Incubation of 1321N1 human astrocytoma cells with carbachol resulted in a rapid loss of binding of [3H]N-methylscopolamine ([3H]NMS) to muscarinic cholinergic receptors measured at 4°C on intact cells; loss of muscarinic receptors in lysates from the same cells measured with [3H]quinuclidinyl benzilate ([3H]QNB) at 37°C occurred at a slower rate. Upon removal of agonist from the medium, the lost [3H]NMS binding sites measured on intact cells recovered with a t( 1/2 ) of approximately 20 min, but only to the level to which [3H]QNB binding sites had been lost; no recovery of 'lost' [3H]QNB binding sites occurred over the same period. Based on these data and the arguments of Galper at a1. regarding the relative hydrophilicity of [3H]NMS versus [3H]QNB, it is proposed that carbachol induces a rapid sequestration of muscarinic receptors that is followed by a loss of these receptors from the cell. These carbachol-induced changes are accompanied by a change in the membrane form of the muscarinic receptor. Although essentially all of the muscarinic receptors from control cells co-purified with the plasma membrane fraction on sucrose density gradients, 20-35% of the muscarinic receptors from cells treated for 30 min with 100 μM carbachol migrated to a much lower sucrose density. This conversion of muscarinic receptors to a 'light vesicle' form occurred with a t( 1/2 ) (~) 10 min, and reversed with a t( 1/2 ) (~) 20 min. In contrast to previous results in this cell line regarding β-adrenergic receptors, agonist binding to muscarinic receptors in the light vesicle fraction obtained from carbachol-treated cells was still regulated by GTP. One interpretation of these data is that agonists induce an internalization of muscarinic receptors with the retention of their functional interaction with a guanine nucleotide regulatory protein.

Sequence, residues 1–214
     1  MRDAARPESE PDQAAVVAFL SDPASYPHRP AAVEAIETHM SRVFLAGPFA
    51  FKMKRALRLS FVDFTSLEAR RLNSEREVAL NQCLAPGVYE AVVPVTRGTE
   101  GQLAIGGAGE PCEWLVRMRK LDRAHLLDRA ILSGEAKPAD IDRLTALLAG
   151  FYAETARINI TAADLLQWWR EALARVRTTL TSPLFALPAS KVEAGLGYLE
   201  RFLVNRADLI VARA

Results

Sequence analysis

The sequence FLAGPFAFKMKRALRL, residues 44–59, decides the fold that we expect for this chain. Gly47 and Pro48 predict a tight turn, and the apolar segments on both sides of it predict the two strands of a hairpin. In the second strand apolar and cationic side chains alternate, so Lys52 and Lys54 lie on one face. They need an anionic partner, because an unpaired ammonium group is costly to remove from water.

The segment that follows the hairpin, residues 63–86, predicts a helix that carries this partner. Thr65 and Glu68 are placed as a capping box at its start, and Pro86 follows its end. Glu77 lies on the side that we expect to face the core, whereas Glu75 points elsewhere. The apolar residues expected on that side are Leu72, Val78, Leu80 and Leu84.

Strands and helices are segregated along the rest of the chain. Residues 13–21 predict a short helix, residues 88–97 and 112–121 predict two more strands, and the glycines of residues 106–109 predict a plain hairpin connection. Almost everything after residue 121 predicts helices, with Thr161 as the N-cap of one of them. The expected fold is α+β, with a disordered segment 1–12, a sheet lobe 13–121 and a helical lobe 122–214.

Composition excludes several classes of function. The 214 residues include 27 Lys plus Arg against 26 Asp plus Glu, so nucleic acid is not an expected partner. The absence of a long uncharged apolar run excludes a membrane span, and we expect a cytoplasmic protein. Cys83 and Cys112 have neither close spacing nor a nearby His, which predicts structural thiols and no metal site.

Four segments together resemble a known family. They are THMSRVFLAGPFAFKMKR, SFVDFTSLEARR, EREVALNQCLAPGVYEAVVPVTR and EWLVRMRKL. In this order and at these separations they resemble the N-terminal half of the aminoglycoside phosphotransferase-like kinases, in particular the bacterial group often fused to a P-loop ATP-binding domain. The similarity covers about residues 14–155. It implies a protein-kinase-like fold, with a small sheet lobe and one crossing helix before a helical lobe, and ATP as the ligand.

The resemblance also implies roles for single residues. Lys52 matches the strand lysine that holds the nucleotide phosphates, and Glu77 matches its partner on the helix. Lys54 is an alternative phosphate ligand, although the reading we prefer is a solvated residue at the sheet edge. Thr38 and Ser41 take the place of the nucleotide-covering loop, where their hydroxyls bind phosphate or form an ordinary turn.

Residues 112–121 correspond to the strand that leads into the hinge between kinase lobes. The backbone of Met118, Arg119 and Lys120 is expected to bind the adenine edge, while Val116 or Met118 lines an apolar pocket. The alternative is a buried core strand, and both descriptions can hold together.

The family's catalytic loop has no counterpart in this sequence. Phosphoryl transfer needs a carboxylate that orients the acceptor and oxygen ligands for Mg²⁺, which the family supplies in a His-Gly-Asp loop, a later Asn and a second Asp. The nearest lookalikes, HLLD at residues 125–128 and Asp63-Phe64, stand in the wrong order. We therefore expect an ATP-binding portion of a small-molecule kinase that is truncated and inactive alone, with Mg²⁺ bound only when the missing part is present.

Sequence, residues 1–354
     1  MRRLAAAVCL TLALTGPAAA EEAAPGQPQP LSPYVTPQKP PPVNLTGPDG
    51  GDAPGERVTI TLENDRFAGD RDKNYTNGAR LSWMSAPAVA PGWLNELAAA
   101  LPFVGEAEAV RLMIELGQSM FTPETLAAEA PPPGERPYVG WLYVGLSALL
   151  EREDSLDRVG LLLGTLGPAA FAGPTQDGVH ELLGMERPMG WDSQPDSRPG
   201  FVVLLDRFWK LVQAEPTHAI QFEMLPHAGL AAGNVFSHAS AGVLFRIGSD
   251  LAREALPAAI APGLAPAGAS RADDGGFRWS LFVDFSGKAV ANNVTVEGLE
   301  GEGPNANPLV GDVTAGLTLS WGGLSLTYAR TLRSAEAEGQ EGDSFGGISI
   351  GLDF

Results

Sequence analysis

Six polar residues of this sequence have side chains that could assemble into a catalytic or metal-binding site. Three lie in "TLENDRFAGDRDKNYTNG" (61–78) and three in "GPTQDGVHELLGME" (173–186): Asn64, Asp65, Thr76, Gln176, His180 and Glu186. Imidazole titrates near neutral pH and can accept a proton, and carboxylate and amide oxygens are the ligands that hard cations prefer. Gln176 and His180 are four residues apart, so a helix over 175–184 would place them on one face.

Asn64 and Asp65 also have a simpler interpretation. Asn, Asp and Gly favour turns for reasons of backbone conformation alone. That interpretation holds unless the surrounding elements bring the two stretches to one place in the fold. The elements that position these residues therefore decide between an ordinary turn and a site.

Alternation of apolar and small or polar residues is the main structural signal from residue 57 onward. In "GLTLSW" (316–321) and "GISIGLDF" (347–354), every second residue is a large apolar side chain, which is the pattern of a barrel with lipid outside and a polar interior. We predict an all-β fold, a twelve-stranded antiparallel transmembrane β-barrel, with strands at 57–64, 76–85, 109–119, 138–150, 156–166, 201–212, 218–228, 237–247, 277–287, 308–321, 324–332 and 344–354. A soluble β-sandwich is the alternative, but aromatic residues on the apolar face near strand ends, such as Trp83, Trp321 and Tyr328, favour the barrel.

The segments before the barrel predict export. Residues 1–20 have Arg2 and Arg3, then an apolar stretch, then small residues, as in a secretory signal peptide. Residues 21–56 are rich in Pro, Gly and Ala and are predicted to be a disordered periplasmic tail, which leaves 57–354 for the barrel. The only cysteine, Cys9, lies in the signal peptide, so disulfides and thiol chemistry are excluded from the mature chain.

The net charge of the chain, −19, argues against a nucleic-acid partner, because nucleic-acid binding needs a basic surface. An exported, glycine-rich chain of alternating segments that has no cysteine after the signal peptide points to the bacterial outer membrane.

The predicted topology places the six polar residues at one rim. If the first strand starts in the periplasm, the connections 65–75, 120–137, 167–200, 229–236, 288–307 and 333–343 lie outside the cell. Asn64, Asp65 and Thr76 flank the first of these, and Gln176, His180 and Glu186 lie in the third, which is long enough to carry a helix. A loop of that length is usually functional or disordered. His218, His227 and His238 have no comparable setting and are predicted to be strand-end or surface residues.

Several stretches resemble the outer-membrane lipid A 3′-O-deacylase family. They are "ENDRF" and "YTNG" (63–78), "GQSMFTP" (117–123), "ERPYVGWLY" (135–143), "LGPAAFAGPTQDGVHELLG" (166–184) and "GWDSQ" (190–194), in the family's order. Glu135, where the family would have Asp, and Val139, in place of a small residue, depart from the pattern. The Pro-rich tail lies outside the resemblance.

|Original language||English (US)|
|Number of pages||7|
|Journal||Journal of Biological Chemistry|
|Publication status||Published - Dec 1 1985|
ASJC Scopus subject areas
- Molecular Biology
- Cell Biology